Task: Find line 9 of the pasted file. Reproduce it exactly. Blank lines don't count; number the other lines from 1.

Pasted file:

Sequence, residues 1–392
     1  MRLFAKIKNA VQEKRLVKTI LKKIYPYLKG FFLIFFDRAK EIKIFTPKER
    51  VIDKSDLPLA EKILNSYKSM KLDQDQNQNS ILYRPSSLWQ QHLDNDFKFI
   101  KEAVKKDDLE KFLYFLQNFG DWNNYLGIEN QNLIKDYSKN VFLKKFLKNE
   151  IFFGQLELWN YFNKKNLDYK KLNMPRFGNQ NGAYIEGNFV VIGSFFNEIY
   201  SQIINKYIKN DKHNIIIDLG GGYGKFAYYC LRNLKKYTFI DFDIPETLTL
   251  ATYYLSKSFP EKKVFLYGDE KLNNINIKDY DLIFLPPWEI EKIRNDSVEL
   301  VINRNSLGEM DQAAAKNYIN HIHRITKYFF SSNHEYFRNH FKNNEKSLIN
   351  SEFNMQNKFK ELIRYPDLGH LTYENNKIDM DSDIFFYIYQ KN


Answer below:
   351  SEFNMQNKFK ELIRYPDLGH LTYENNKIDM DSDIFFYIYQ KN